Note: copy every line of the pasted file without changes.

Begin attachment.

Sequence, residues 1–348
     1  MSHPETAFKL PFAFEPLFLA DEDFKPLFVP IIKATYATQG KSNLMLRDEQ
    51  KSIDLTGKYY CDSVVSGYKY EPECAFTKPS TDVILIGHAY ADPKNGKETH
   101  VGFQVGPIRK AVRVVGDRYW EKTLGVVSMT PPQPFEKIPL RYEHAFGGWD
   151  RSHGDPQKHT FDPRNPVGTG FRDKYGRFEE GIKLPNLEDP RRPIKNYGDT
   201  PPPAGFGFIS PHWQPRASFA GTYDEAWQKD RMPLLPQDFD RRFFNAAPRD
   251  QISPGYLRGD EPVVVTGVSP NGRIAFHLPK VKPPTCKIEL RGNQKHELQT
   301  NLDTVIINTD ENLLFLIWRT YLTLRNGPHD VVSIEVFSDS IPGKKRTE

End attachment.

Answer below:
Sequence, residues 1–348
     1  MSHPETAFKL PFAFEPLFLA DEDFKPLFVP IIKATYATQG KSNLMLRDEQ
    51  KSIDLTGKYY CDSVVSGYKY EPECAFTKPS TDVILIGHAY ADPKNGKETH
   101  VGFQVGPIRK AVRVVGDRYW EKTLGVVSMT PPQPFEKIPL RYEHAFGGWD
   151  RSHGDPQKHT FDPRNPVGTG FRDKYGRFEE GIKLPNLEDP RRPIKNYGDT
   201  PPPAGFGFIS PHWQPRASFA GTYDEAWQKD RMPLLPQDFD RRFFNAAPRD
   251  QISPGYLRGD EPVVVTGVSP NGRIAFHLPK VKPPTCKIEL RGNQKHELQT
   301  NLDTVIINTD ENLLFLIWRT YLTLRNGPHD VVSIEVFSDS IPGKKRTE